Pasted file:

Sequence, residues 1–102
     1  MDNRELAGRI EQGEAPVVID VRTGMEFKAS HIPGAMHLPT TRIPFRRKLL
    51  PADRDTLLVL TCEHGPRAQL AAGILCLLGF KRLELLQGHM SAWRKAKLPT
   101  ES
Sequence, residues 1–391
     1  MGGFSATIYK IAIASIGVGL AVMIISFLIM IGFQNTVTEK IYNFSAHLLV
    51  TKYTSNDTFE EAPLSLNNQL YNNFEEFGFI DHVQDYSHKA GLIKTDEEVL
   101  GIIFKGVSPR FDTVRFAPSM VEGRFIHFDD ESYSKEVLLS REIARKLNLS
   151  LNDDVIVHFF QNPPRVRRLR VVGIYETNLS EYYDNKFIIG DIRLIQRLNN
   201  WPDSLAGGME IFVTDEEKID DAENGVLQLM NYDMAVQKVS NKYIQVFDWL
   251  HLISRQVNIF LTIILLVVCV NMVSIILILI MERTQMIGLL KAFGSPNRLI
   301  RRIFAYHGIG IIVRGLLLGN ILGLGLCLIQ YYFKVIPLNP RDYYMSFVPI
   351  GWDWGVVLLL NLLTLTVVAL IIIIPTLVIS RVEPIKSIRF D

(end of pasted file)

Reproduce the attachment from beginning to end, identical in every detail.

Sequence, residues 1–102
     1  MDNRELAGRI EQGEAPVVID VRTGMEFKAS HIPGAMHLPT TRIPFRRKLL
    51  PADRDTLLVL TCEHGPRAQL AAGILCLLGF KRLELLQGHM SAWRKAKLPT
   101  ES
Sequence, residues 1–391
     1  MGGFSATIYK IAIASIGVGL AVMIISFLIM IGFQNTVTEK IYNFSAHLLV
    51  TKYTSNDTFE EAPLSLNNQL YNNFEEFGFI DHVQDYSHKA GLIKTDEEVL
   101  GIIFKGVSPR FDTVRFAPSM VEGRFIHFDD ESYSKEVLLS REIARKLNLS
   151  LNDDVIVHFF QNPPRVRRLR VVGIYETNLS EYYDNKFIIG DIRLIQRLNN
   201  WPDSLAGGME IFVTDEEKID DAENGVLQLM NYDMAVQKVS NKYIQVFDWL
   251  HLISRQVNIF LTIILLVVCV NMVSIILILI MERTQMIGLL KAFGSPNRLI
   301  RRIFAYHGIG IIVRGLLLGN ILGLGLCLIQ YYFKVIPLNP RDYYMSFVPI
   351  GWDWGVVLLL NLLTLTVVAL IIIIPTLVIS RVEPIKSIRF D